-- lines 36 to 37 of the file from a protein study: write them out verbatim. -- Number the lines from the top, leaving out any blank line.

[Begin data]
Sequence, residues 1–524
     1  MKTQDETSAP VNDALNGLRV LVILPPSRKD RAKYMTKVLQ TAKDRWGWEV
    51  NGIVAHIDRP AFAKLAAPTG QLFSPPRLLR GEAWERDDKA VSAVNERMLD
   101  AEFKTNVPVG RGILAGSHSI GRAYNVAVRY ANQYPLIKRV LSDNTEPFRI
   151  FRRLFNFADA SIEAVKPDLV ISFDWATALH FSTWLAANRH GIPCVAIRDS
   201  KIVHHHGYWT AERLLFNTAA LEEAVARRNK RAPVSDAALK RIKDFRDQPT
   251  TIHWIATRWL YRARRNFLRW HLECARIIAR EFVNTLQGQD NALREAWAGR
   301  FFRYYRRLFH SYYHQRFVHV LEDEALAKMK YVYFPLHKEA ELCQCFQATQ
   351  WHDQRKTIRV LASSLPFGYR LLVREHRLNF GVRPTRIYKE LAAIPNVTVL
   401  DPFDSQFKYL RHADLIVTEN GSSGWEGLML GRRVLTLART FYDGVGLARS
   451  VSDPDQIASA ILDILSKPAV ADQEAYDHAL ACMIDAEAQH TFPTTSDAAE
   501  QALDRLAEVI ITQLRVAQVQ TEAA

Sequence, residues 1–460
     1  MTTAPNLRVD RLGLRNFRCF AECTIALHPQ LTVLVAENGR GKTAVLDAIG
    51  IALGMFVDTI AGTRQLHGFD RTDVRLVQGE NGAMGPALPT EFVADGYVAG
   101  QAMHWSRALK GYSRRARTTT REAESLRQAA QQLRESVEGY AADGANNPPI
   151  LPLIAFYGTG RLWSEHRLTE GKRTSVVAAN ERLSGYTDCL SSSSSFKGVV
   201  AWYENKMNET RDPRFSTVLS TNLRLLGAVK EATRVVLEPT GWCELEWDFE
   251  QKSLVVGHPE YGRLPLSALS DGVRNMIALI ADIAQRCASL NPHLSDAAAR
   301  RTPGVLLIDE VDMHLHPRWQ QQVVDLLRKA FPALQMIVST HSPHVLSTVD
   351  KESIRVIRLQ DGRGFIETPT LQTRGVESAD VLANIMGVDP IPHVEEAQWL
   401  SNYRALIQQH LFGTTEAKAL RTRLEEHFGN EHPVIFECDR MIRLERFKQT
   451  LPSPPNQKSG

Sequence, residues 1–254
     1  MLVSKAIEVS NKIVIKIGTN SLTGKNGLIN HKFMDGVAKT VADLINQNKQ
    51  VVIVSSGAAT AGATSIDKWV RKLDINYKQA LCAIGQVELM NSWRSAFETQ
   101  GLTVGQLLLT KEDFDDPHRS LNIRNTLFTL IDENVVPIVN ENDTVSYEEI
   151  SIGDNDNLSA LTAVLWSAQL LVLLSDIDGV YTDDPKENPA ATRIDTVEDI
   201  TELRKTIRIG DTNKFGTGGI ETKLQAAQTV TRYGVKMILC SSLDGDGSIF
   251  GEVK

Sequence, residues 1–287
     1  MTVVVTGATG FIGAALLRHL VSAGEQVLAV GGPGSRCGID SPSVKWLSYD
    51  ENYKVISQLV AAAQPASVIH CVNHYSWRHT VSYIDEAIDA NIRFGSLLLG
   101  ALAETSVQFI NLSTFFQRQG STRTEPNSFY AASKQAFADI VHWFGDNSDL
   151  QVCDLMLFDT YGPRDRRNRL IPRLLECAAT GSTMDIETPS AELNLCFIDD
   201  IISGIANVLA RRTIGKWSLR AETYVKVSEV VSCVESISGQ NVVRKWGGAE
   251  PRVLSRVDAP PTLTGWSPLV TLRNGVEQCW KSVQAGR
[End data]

   201  IISGIANVLA RRTIGKWSLR AETYVKVSEV VSCVESISGQ NVVRKWGGAE
   251  PRVLSRVDAP PTLTGWSPLV TLRNGVEQCW KSVQAGR